Shortly before sunrise, we waxed our boards, hit the surf, and were bombarded by a squadron of pelicans cruising the shoreline in search of their morning snack. After an hour or so, we grew hungry and headed back to camp for breakfast. During our meal, we reviewed the map and discussed the route for the day. We broke camp under the watchful eyes of the resident monkeys and motored north to Nosara for fuel and supplies. From Nosara, we set our GPS for Playa Tamarindo, the surf capital of northern Nicoya. Formerly a sleepy fishing village, this hip surfer’s haven is also a center for sportfishing, diving, and snorkeling. It offers a variety of surf including beach breaks, rocky point breaks, and a nerve-rattling river-mouth break. Better yet, there are a few isolated surfing beaches nearby including Playa Langosta, Negra, and Avellanas that were less crowded. We decided to set up camp at the southern end of Playa Tamarindo where we had easy access to all of the best breaks. As we deployed our rooftop tents, a troop of howler monkeys made it clear that we were on their turf. We named the beach Howler’s Surf Camp. For the next few days we spent most of our time shredding the surf around Tamarindo. Early one morning, while surfing near the Tamarindo river-mouth, we spotted a large crocodile basking in the sun on the riverbank. It was a little nerve-wracking paddling back out into the surf after that.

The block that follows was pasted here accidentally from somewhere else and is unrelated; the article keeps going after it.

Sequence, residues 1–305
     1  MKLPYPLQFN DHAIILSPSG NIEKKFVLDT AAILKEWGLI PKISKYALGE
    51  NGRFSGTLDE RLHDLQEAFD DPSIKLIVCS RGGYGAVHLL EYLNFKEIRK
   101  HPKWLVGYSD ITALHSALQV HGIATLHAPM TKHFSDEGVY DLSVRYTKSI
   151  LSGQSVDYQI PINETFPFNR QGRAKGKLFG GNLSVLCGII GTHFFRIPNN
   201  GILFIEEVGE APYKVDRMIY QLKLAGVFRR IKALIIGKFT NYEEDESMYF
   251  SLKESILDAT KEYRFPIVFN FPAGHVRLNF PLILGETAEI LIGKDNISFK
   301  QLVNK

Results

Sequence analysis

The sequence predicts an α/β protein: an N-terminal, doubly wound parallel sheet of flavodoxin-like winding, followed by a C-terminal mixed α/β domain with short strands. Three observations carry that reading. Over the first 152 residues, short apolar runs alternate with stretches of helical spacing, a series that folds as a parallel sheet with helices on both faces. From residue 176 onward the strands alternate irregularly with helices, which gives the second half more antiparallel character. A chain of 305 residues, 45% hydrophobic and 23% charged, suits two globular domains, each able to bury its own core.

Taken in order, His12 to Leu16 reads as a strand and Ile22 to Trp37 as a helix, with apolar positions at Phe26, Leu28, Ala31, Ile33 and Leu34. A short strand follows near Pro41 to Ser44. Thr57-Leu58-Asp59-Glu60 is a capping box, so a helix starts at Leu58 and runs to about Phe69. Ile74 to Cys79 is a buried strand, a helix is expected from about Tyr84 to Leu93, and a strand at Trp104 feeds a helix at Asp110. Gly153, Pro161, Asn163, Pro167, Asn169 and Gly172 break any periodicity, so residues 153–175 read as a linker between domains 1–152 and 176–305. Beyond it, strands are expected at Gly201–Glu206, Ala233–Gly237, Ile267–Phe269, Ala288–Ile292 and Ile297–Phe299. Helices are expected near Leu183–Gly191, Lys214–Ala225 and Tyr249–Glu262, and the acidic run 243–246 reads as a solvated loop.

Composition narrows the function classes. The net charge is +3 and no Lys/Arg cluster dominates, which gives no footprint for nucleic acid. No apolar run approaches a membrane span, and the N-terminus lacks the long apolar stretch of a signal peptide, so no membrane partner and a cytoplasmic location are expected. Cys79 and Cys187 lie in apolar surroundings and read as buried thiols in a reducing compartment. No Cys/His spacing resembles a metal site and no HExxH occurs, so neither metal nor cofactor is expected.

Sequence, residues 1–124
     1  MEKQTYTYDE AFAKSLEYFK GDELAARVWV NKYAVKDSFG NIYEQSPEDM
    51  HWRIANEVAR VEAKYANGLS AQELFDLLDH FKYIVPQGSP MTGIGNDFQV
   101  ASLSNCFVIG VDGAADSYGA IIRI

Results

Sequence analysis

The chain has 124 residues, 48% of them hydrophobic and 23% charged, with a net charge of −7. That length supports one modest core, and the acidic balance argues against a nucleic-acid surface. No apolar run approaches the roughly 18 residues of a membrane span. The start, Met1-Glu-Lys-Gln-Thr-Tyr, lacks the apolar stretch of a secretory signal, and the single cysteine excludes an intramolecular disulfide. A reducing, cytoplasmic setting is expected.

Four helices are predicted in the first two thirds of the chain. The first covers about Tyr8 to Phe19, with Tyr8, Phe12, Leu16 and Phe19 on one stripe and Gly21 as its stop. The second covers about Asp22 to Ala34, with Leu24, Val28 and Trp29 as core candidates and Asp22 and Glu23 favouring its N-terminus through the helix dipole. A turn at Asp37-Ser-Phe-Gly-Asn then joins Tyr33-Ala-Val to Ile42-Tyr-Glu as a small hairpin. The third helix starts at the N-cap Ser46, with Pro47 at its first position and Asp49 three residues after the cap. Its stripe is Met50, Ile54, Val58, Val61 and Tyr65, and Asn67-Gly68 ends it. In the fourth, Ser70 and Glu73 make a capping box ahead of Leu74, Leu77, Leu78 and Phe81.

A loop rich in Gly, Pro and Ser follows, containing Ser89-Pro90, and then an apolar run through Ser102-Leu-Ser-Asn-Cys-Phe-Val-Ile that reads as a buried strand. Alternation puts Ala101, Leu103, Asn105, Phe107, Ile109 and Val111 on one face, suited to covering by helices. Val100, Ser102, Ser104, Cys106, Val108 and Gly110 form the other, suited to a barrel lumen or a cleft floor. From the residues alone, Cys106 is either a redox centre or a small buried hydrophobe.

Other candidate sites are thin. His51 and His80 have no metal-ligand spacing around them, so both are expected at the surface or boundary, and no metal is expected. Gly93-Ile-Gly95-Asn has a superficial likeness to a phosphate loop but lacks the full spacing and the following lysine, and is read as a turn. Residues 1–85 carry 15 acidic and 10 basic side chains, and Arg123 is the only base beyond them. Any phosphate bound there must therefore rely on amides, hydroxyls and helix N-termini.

Our adventure in Costa Rica exceeded our expectations. We explored remote backroads by 4x4, surfed some of the best waves in the country, and left with a deeper understanding of what the locals refer to as pura vida—the pure life.